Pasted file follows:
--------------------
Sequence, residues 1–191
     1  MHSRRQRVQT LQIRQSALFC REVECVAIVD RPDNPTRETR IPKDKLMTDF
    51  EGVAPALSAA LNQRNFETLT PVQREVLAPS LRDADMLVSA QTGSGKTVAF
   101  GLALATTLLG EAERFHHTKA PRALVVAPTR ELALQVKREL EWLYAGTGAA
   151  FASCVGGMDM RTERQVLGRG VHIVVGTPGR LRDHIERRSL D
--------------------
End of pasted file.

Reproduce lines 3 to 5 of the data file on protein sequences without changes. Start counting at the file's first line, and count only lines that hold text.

    51  EGVAPALSAA LNQRNFETLT PVQREVLAPS LRDADMLVSA QTGSGKTVAF
   101  GLALATTLLG EAERFHHTKA PRALVVAPTR ELALQVKREL EWLYAGTGAA
   151  FASCVGGMDM RTERQVLGRG VHIVVGTPGR LRDHIERRSL D